A girl I know wrote gullible on the ceiling of her school. She kept telling people that the word was written on the ceiling - Charlie Demerjian
TAIWANESE HARDWARE FIRM Acer has said that "everyone in the industry" was disappointed by Microsoft's transition to the Windows 8 operating system (OS) from Windows 7.
Speaking at its launch of the firm's latest line of notebooks in New York last week, Acer's director for Northern Europe, Simon Turner told The INQUIRER that "the Windows 8 transition has been disappointing to everyone in the industry, there's no question."
When asked why the OS wasn't well received, Turner said that many other hardware brands had a lot of Windows 7 devices hanging around when Windows 8 launched, which didn't help sales because it contributed to confusion among consumers.
"One thing we found was that we were very quick at switching, so when Windows 8 launched, we didn't have much Windows 7 [product] on the market. A few other brands had a lot, which had to get sold out first, whereas we were clean by December, we had nothing."
But it seems that Acer's swift transition to Windows 8 still didn't do the Taiwanese firm any favours, as its disappointment follows its worst quarter ever in PC sales. According to IT industry tracking firm International Data Corporation (IDC), shipments worldwide plunged 14 percent in the first quarter.
Acer had the largest sales drop among major PC vendors of 31.3 percent year on year in the first quarter, which lead to a two percent decline in its market share year on year to 8.1 percent.
"Maybe the messaging wasn't as clear," Turner added. "But everything new now sold is Windows 8, you can't now sell a Windows 7 product, not in a consumer market."
IDC's report claimed the huge decrease in PC sales was attributable to the increasing demand for tablets and widespread consumer distaste for Microsoft's latest Windows 8 PC operating system.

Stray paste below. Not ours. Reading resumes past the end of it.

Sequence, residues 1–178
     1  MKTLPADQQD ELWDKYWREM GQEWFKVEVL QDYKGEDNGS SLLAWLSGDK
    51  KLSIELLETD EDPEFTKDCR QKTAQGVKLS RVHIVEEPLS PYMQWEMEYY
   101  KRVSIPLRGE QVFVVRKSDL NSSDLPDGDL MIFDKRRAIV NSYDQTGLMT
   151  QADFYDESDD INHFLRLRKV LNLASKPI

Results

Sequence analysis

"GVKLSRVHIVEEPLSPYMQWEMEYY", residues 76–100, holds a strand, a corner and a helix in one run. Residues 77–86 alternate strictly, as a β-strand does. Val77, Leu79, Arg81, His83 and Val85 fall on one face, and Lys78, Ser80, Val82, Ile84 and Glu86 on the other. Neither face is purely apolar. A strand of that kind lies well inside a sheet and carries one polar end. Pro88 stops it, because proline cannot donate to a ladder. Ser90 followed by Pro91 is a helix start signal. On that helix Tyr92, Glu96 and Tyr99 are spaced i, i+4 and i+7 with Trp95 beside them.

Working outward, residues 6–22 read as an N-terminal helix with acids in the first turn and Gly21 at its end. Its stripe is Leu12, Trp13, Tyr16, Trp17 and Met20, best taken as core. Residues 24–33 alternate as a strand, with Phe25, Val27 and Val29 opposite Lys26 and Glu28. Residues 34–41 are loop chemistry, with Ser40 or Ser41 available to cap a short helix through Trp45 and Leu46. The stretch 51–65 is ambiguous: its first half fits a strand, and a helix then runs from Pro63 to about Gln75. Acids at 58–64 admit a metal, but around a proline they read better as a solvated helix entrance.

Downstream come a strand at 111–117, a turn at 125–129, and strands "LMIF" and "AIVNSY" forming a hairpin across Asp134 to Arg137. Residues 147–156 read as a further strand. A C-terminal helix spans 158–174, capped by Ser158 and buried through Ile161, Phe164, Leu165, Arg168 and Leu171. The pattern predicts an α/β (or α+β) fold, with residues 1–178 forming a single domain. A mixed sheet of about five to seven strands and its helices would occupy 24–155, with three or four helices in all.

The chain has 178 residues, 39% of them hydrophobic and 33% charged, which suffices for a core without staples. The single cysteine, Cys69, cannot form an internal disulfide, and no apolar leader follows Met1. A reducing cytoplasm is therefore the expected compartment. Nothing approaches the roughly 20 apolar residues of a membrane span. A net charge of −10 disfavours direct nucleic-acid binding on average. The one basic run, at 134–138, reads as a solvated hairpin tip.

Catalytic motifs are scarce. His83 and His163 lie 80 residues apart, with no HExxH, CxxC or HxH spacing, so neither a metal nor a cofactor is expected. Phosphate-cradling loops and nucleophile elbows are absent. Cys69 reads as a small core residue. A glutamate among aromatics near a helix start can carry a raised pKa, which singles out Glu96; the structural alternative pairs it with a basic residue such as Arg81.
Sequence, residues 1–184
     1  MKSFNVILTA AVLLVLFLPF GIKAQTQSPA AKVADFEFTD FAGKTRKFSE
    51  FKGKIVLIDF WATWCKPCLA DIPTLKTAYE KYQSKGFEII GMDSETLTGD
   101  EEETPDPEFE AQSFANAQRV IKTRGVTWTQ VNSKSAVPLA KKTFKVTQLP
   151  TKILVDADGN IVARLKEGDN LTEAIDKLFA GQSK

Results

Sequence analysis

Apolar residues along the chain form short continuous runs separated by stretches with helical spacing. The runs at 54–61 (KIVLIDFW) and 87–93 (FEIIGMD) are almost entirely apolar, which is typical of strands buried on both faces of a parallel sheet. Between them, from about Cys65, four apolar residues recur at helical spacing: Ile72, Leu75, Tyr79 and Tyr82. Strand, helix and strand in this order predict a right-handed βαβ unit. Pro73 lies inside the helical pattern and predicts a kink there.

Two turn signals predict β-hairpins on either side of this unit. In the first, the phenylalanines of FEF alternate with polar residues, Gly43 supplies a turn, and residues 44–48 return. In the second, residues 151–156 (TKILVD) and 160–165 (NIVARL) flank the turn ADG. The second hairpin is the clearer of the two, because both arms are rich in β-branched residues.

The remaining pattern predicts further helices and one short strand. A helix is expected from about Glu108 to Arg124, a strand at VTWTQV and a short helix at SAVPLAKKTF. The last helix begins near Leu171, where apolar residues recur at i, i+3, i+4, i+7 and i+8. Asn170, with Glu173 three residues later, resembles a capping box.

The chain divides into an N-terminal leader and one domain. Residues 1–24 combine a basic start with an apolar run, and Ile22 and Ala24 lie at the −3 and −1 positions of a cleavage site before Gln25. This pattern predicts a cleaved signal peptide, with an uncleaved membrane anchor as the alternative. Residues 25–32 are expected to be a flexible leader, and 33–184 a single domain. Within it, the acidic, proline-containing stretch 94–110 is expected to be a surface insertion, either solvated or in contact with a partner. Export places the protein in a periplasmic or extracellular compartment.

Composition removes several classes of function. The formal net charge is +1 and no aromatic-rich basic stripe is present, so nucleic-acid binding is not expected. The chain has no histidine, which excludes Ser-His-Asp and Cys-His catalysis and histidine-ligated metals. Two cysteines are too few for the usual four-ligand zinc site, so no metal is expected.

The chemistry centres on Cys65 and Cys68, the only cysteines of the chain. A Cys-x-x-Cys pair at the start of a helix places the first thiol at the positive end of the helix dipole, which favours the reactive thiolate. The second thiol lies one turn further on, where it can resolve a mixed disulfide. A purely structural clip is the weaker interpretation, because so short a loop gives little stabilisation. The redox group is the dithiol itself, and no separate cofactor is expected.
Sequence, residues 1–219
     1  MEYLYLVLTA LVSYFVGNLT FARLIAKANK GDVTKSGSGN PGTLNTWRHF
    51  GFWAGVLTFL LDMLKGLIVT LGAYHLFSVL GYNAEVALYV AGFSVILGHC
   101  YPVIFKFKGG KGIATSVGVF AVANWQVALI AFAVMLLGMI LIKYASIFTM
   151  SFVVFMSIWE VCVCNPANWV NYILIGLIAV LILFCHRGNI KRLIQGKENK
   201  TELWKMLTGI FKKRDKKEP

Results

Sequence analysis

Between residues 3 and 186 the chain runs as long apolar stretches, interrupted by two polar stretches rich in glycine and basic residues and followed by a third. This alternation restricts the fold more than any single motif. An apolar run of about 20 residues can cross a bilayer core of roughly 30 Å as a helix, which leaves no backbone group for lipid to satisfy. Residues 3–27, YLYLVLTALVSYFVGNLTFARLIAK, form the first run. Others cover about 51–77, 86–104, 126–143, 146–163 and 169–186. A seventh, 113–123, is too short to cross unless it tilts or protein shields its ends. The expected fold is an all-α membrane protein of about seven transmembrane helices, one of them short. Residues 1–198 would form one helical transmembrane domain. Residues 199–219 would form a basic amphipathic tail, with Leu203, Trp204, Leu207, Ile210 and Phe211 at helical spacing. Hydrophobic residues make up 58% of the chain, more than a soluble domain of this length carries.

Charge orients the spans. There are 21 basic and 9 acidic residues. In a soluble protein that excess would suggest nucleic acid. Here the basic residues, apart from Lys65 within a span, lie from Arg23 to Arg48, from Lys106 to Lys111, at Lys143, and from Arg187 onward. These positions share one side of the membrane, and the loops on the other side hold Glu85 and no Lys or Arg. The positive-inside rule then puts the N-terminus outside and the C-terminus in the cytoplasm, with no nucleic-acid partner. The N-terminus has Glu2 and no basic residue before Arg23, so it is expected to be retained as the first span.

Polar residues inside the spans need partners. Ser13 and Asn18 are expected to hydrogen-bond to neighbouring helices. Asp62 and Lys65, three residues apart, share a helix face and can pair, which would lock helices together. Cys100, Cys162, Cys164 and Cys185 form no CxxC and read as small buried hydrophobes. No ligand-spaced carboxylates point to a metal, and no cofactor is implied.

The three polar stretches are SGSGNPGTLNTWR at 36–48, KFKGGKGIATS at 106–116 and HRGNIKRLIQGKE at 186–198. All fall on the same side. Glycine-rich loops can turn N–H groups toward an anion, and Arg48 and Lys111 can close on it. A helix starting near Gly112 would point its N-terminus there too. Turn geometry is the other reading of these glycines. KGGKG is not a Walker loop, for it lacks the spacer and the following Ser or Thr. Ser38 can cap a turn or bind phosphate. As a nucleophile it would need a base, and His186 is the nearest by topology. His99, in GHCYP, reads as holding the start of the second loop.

Turner's views mirror these findings, as he told us that small screen devices are now much more desirable in the PC market, especially for Windows 8 which is focused on touch.
"[Windows 8] makes smaller screens more relevant. The bigger the screen, the further you are away, and the less relevant," he said. "Actually, 11in, 13in, 14in screens are really nice with this technology and now resolutions are much better with high definition panels, we see a growth coming in smaller screen segment."
Turner's comments back up Acer's recent focus on "duality", a tagline that expresses the firm's efforts in "touch and type", that is, encouraging users to experience their devices differently by touching the screen, then typing, then touching it again, as opposed to using a touchpad or mouse.
Acer said it encourages Duality as a way of interacting in "a more natural and beneficial way" for its audience. However, it's now also clear that it's an attempt to shift some of its poor selling Windows 8 devices that consumers don't know how to use, by designing them around and taking advantage of the OS, as opposed to designing a laptop with a touchscreen and hoping customers will enjoy the bonus of a touch enabled display, even if it is awkward to use.
Turner hinted that creating innovative products with unique designs, such as the new notebook line announced in New York last week that eases the use of touchscreen commands, will help customers understand and use Windows 8 and thus boost its dwindling market share. µ
Sign up for INQbot – a weekly roundup of the best from the INQ